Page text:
- July 30, 2018
Recruiting Is Tougher | GDP Growth Makes Filling Jobs Harder
Recruiting is getting harder due to the U.S. economy growing at its fastest pace in nearly four years! This is especially true for technical, engineering, scientific, information technology or IT, research and development or R&D and manufacturing job recruitment.
Economic Expansion Contributing To Job Candidate Shortages
The current, robust economic expansion has been a catalyst for many of our clients to starting filling job openings that have been on hold for many months. As a result, we are in a War for Talent for many key job candidates. This has resulted in the demand for key workers far outstripping the supply!
This is particularly true for recruiting an engineer, scientist, IT or technical professional in cutting edge fields such as Virtual Reality or VR, Artificial Intelligence or AI or drug development. It is even case for those seeking to recruit a Civil Engineer that is a PE (Professional Engineer).
As a result, countless engineering and technical jobs are going unfilled for many months. This results in productivity losses without the right technology talent in place to actuate important company projects.
Need For An Aggressive, Pro-active Recruiting Approach
To counteract the shortage of engineers, scientists and technical professionals, I recommend taking a pro-active approach to recruiting. This means expanding your recruitment efforts beyond the time when you have a job opening. This is consistent with my 8th Commandment of Recruiting, "Constantly Recruit".
Don’t wait for a job opening to seek out talent. Instead, attend trade shows and industry events to build your staffing network.Additionally, retaining an internal or external recruiter to seek out and evaluate key talent recruiting prospects.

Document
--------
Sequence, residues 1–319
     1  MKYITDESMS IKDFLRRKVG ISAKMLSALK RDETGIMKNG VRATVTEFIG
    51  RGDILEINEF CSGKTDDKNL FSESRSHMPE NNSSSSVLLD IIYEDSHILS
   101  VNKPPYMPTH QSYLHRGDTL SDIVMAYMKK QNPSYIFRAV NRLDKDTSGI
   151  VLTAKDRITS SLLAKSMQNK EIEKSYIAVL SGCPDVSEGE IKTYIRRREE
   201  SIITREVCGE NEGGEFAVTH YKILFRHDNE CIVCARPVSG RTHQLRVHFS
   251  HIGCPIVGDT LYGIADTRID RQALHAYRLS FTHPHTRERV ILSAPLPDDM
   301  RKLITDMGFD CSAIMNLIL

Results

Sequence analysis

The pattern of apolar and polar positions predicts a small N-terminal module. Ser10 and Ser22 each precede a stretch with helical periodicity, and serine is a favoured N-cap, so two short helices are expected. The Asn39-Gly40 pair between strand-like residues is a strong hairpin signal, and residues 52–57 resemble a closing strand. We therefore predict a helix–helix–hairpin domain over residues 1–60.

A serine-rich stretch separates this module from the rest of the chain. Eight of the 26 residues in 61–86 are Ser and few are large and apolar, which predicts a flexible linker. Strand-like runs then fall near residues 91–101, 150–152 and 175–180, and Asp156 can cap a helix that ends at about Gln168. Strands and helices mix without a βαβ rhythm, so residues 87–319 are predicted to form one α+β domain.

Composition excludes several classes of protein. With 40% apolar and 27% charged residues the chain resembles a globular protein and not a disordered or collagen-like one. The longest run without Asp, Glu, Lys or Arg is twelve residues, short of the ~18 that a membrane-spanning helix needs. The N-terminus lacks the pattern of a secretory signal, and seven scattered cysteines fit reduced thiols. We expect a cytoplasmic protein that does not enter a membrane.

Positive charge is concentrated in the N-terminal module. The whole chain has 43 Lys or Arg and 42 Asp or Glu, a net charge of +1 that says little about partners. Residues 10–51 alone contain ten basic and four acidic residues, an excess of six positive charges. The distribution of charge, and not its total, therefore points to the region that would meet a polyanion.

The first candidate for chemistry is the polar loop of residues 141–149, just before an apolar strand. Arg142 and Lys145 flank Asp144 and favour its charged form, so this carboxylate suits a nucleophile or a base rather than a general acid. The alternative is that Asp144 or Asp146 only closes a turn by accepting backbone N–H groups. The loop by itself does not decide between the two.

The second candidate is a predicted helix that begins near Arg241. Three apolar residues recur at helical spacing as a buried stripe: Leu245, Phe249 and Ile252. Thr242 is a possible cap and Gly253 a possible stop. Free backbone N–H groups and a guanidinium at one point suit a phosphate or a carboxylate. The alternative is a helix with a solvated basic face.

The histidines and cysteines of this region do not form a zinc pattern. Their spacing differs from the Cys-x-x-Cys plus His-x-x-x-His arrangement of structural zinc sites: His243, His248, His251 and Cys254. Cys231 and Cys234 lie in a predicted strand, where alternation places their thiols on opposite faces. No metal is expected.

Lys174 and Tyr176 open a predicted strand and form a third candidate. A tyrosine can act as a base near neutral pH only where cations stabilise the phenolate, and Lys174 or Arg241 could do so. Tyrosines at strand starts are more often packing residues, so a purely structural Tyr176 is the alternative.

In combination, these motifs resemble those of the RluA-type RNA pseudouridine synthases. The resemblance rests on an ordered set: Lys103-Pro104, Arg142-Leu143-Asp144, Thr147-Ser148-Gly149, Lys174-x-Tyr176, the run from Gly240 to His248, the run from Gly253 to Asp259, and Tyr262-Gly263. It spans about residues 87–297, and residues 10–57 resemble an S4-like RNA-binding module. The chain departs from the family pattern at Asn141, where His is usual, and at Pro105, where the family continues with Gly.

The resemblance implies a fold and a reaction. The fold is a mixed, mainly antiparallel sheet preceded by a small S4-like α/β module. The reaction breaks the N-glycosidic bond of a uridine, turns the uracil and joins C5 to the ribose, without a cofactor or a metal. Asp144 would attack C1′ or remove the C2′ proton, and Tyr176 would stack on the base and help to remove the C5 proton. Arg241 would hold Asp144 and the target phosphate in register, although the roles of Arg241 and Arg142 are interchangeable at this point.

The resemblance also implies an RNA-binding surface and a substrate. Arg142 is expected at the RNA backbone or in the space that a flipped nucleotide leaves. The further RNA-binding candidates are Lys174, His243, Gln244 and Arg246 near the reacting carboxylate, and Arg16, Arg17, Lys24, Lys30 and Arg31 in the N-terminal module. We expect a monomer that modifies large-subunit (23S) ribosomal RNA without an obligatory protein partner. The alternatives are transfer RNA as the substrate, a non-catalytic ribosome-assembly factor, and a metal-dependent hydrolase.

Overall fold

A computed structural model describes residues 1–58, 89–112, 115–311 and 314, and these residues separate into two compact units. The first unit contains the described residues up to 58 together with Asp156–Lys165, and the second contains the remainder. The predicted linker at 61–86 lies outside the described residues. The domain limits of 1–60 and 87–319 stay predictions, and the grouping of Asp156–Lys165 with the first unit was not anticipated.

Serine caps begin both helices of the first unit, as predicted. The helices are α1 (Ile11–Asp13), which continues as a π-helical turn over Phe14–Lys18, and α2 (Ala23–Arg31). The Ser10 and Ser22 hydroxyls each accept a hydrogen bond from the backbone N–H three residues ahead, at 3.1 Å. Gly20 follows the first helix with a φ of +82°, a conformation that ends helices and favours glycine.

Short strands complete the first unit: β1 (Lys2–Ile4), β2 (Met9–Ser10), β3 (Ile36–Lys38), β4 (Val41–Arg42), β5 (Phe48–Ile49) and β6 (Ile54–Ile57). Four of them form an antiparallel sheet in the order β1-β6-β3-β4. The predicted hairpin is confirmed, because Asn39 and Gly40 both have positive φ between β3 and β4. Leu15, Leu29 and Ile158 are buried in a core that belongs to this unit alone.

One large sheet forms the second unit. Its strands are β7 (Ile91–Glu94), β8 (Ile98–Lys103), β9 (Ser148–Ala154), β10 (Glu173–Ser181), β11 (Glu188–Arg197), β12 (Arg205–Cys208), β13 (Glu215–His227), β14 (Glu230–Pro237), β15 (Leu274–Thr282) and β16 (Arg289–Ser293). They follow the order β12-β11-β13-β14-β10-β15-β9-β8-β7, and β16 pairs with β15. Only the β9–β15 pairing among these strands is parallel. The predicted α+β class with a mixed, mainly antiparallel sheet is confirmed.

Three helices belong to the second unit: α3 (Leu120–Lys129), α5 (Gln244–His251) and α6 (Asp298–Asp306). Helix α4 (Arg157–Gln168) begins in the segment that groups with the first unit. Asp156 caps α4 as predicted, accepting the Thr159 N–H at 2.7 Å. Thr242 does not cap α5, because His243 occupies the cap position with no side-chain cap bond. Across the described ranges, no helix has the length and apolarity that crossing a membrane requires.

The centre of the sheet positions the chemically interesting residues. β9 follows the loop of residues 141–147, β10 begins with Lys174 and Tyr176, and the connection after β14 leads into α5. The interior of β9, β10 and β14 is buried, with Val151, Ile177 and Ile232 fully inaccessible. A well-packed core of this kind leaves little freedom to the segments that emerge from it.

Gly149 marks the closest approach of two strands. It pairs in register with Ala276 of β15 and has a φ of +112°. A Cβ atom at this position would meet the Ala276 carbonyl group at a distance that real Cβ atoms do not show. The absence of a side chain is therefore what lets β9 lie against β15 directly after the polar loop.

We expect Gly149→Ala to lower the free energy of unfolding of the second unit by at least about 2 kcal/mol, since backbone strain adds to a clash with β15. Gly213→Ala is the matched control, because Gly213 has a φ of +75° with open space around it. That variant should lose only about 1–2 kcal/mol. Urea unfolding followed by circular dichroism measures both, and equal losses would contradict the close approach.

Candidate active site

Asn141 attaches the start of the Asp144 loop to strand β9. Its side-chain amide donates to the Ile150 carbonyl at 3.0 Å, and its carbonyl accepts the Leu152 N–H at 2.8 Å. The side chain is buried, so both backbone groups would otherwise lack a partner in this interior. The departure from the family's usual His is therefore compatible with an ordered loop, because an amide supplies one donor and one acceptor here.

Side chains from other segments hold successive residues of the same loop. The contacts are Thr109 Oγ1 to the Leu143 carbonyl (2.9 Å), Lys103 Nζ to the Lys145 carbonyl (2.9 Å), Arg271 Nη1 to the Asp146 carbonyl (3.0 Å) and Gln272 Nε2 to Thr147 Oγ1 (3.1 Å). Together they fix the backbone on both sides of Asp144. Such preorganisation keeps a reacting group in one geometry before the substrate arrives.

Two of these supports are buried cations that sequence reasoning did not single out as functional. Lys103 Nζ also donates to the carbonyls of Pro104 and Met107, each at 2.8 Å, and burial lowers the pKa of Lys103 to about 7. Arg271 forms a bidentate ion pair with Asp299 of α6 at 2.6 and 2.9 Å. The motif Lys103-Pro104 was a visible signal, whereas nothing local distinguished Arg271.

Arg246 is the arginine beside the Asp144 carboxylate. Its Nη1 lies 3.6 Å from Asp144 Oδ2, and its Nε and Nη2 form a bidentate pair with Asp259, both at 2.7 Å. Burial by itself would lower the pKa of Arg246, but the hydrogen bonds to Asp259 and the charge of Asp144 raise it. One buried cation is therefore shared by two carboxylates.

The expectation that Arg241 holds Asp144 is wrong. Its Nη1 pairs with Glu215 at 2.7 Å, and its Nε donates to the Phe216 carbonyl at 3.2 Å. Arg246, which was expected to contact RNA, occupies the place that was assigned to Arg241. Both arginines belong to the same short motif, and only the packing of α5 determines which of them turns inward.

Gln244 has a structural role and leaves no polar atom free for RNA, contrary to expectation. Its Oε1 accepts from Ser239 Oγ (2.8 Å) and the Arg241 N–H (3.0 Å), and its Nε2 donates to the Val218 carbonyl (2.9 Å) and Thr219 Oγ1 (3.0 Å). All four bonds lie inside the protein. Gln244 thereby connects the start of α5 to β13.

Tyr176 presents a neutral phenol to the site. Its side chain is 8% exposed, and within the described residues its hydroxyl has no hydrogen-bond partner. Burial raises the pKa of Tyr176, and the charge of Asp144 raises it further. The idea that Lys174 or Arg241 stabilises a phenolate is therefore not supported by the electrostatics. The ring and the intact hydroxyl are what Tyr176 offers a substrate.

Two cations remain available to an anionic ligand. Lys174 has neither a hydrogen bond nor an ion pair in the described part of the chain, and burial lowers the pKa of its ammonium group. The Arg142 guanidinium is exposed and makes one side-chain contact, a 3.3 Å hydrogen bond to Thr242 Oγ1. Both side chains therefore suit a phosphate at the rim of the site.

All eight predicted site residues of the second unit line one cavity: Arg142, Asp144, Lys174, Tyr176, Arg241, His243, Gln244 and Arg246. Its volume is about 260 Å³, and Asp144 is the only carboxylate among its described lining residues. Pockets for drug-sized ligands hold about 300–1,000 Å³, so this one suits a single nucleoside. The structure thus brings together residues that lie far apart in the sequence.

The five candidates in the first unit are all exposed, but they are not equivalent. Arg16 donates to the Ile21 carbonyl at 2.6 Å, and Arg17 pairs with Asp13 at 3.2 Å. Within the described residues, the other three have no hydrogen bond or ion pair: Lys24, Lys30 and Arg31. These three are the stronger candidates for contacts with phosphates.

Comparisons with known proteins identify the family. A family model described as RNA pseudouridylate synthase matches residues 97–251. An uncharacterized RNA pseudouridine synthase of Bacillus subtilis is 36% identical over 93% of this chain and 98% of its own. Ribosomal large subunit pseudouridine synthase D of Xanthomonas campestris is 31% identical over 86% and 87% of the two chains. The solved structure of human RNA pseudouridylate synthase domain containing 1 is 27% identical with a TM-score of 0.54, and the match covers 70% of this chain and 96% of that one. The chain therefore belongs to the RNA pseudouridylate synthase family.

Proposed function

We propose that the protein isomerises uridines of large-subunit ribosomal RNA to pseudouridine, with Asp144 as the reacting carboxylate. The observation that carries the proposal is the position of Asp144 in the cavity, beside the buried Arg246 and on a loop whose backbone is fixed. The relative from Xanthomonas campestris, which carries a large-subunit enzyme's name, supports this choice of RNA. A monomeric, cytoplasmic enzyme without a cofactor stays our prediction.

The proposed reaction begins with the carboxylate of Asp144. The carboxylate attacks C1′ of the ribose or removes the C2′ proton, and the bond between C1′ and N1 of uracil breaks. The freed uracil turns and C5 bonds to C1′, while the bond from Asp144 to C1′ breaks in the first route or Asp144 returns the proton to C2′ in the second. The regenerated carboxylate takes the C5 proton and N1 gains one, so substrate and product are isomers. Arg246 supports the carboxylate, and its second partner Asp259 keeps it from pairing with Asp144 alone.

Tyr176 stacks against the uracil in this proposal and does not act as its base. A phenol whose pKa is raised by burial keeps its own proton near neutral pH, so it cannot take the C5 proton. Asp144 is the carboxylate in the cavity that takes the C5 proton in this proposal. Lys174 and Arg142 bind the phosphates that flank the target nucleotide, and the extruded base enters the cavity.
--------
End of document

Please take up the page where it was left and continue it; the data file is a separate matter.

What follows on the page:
Then keep in touch with this talent and build a potential employee database. Then when you have a job opening they may be available to meet your staffing needs. Remember to constantly recruit.
Commerce Department hails 4.1% Growth In Economy
The Commerce Department shared last Friday that the economy grew at 4.1% in the second quarter. This suggests that the second-longest expansion on record isn’t loosing its momentum.
This economic growth was driven by a variety of factors including robust consumer spending, solid business investment, surging exports and increased government outlays. That was up from the first quarter’s revised growth rate of 2.2% and is the strongest growth since the third quarter of 2014.
Considerable Proof For Continued Economic Expansion
MasterCard Inc. CEO Ajay Banga feels that recent trade tensions have not yet caused widespread economic damage. “There are geopolitical and trade-related risks that we are keeping a close eye on,” Mr. Banga told investors on a call Thursday. “But as of now, they had limited impact to date and global economic trends remained generally positive.”
“The outlook for the industrial economy remains solid,” United Parcel Service Inc. Chief Executive David Abney said during a call with investors last Wednesday.
Additionally, consumers ramped up their spending to a robust 4% annual pace in the second quarter. This was riven by low unemployment, steady job growth and the recent tax cut.
A key measure of business spending moderated from the first quarter but remained robust. Nonresidential fixed investment reflects spending on commercial construction, equipment and intellectual property products such as software. It rose at a 7.3% rate after rising 11.5% in the first quarter.
The 2017 tax overhaul was designed to encourage such investments. It lowered the corporate tax rate allowing companies to immediately deduct certain capital expenditures instead of depreciating them over time.
Tax cuts were part of President Donald Trump’s plan to boost economic growth above the 3% annual growth rate that marked the robust expansions of the 20th century. He hailed the GDP report Friday, saying the economy is growing at a “very sustainable” pace. He predicted it will expand at least 3% this year.
Although good for the economy in general, further expansion is likely to make recruiting technical, engineering, scientific, information technology (IT), research and development (R&D) and manufacturing positions more difficult in the coming months, and possibly years.